A Call to Rethink Sprawl
The unruly expanse of subdivisions, malls, office parks, and congested roadways spreading far beyond the old urban centers has come to be known--and often condemned--as sprawl. But does sprawl deserve such a bad rap? Robert Bruegmann, a professor of art history, architecture, and urban planning at the University of Illinois-Chicago, talked to U.S. News about his own distinctive take on the subject, set forth in his new book, Sprawl: A Compact History.
Sprawl is a loaded word. How do you define it?
I try to define the word in the most objective way possible, as relatively low-density settlement without any overarching master planning.
Is sprawl a modern phenomenon?
It goes back at least as far as we have historical records of cities and seems to be a reaction to the reality that, from the earliest days up to very recently, cities have been extremely dense--up to about 150,000 people per square mile in most of the larger ones. Cities had to be very compact because the main way of getting around was walking, and also, up until recently, cities had to have walls to protect them from attacks. The wall was a crushing financial burden, so cities had to be built at absolute maximum density to cut down on these tremendous costs of defense. This density was something people wanted to avoid because of all the pollution and congestion. But the only people who could take advantage of less densely settled areas beyond the city walls were the very powerful and wealthy members of society. If you were a very wealthy Roman, you could have a villa at Herculaneum or on the seashore.
So what is new about sprawl in the past two centuries?
A much larger percentage of society, including the middle class and then later the working class, has been able to afford to live in the same way that the wealthy and powerful once did.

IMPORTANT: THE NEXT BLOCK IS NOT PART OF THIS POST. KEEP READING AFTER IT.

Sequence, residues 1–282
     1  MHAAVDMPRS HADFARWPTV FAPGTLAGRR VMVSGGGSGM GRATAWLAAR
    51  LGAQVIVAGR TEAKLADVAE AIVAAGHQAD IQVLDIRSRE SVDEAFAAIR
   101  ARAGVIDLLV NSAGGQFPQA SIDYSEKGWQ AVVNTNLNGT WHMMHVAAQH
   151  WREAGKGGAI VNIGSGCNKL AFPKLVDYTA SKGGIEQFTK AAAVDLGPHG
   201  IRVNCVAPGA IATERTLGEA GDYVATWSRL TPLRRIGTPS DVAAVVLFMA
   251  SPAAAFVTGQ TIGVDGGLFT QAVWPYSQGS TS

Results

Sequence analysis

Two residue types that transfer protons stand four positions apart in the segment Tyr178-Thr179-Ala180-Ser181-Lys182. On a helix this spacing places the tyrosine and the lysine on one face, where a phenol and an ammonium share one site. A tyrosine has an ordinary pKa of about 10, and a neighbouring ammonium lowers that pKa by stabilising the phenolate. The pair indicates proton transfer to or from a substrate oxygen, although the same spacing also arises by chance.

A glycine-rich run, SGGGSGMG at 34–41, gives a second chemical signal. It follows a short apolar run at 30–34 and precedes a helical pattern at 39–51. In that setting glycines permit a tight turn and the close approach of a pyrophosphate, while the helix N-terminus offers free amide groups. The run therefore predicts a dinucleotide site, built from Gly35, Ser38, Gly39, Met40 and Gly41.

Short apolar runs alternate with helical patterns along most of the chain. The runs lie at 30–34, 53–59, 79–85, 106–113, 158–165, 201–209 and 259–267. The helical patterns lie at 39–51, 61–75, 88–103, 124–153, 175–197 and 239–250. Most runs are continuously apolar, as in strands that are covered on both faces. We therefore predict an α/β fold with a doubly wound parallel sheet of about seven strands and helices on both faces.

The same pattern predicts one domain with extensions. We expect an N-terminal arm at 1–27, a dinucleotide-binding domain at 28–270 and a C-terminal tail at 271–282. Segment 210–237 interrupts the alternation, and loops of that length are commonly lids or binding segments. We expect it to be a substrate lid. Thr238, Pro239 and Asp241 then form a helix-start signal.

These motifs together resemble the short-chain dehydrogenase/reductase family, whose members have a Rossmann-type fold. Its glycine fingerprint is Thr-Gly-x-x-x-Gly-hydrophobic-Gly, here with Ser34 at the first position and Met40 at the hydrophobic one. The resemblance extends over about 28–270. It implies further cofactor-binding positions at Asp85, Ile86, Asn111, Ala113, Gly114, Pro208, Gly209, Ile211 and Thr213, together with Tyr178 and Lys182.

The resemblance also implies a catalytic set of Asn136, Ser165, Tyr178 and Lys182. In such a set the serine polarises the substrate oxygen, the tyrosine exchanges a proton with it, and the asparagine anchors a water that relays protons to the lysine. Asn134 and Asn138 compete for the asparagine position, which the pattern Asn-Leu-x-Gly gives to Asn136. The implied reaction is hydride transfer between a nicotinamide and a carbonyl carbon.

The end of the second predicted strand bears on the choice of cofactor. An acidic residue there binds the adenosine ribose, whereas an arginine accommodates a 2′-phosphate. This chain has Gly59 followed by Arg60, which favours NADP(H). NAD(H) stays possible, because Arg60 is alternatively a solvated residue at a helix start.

What are some of the major arguments against sprawl?
The four major ones are that it's economically inefficient, that it's socially inequitable, that it is environmentally degrading, and that it's aesthetically ugly.
How well do these arguments hold up?
I find them weak. True, you have a slight premium in the amount of money it takes to build sewers and roads if you have people living at lower densities, but so much of that cost is now being transferred directly to homeowners. If they can pay for it, why shouldn't they have it? Then, too, as more and more people telecommute, you have a revolution in the way people live that will be much more energy efficient and less polluting than living at very high densities. Socially, it is true that the suburbanizing trend has left a heavy concentration of minority and poor people at the center of cities. But thinking you can stop social problems by bottling everybody up in the city seems to be an unworkable solution when you see even within the city we can't solve the inequities. The aesthetic arguments generate the most heat. The important thing to remember is that every generation's sprawl is the next generation's historic landmarks.